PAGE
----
Effective cross - lost asymmetrically it is possible this...

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Effective cross-section for collisions Our collision probability (for a comet to hit an inner solar system body) calculated above (10 -6 ), ignored the effective cross-section increase due to gravitational deflection. We can account for this to give an effective gravitational cross-section which is greater than the geometric cross- section (effective radius D >> real radius R). D will depend on the initial approach velocity. We use conservation of angular momentum and conservation of energy to calculate D: img/3C37-133.gif"> The critical offset D is given by: D = R(1 + 2GM/RV app 2 ) = R[1 + (V esc /V app ) 2 ] For a long period comet D/R is around 1.04, but if v app is as low as 2.2km s -1 then D/R = 26. Forces due to evaporation By considering a typical model of a comet - mostly water with "impurities" - see above - you can calculate how much material is lost at close encounter with the Sun (perihelion). Assuming this is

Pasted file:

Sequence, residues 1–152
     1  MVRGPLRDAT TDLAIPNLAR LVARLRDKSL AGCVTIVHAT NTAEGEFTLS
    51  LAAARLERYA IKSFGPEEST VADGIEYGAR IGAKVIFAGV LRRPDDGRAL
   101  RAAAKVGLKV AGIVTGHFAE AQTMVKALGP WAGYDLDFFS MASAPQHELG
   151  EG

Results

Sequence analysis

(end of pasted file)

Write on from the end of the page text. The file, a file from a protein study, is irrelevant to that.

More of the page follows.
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Unformatted text preview: lost asymmetrically it is possible this could have a net accelerative effect on the body. Rough calculations (see Lewis pp286-7) shows this is unlikely to be more than of the order of magnitude 6 m s-1 , but this depends heavily on the assumptions made. The evaporation is ameliorated by dust which inhibits heating and slows gas loss. We have seen above how light pressure is balanced by gravity for grains of a certain size in interplanetary space. Similarly there will be a size above which gravitational attraction to the comet exceeds the gas pressure trying to detach the grains. Grains above this size accumulate. How much does depends on the maximum heating, and therefore the pressure, near the Sun. Comets with perihelia far enough out may lose their volatiles and become dust-covered and hence inactive....
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Effective cross - lost asymmetrically it is possible this...

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